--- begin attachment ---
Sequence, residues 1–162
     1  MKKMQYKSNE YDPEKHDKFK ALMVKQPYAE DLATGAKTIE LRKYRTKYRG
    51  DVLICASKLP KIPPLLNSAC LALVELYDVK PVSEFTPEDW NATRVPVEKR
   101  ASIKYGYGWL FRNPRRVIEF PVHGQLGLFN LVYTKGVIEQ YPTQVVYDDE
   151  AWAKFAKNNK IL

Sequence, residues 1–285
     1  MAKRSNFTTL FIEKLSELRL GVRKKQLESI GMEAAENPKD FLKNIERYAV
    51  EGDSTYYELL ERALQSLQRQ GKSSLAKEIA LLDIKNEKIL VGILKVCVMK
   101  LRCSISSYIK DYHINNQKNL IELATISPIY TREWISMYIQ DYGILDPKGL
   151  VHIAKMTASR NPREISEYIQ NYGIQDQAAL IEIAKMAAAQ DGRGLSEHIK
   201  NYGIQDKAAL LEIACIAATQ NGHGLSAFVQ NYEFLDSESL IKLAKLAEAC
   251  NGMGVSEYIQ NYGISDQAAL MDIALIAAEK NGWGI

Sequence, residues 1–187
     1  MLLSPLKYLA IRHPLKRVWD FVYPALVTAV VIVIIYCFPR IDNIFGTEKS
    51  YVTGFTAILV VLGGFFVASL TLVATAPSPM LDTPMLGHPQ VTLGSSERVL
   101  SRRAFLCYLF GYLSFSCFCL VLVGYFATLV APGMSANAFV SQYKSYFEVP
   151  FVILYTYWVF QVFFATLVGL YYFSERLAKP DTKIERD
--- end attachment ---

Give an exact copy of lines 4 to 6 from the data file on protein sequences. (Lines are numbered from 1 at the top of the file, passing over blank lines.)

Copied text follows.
   101  ASIKYGYGWL FRNPRRVIEF PVHGQLGLFN LVYTKGVIEQ YPTQVVYDDE
   151  AWAKFAKNNK IL

Sequence, residues 1–285